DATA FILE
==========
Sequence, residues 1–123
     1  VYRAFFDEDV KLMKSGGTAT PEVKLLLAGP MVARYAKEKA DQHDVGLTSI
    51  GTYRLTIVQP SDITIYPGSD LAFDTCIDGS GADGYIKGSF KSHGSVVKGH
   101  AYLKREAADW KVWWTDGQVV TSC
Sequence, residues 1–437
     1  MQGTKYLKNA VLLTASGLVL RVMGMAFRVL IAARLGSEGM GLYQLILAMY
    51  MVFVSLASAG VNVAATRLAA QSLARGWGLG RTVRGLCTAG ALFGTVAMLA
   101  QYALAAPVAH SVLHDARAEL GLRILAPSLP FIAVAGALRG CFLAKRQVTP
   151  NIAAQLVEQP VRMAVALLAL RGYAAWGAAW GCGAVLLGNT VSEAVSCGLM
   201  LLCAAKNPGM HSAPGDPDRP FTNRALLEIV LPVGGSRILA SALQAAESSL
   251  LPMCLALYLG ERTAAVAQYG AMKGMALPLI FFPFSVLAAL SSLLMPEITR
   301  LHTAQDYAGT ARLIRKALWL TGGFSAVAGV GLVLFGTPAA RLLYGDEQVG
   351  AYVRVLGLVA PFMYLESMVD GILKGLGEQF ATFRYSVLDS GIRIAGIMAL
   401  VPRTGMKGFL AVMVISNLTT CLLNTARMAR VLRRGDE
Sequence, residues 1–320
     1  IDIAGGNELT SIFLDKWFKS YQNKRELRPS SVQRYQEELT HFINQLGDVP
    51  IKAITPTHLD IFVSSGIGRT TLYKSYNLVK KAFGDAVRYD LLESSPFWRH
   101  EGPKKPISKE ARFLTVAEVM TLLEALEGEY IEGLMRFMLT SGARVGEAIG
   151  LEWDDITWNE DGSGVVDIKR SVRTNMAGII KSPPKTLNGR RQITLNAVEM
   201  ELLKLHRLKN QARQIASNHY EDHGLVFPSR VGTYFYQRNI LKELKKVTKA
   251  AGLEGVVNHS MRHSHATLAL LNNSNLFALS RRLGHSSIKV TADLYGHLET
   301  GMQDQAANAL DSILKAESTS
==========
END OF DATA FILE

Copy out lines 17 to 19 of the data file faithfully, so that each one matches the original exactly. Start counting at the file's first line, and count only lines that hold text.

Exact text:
    51  IKAITPTHLD IFVSSGIGRT TLYKSYNLVK KAFGDAVRYD LLESSPFWRH
   101  EGPKKPISKE ARFLTVAEVM TLLEALEGEY IEGLMRFMLT SGARVGEAIG
   151  LEWDDITWNE DGSGVVDIKR SVRTNMAGII KSPPKTLNGR RQITLNAVEM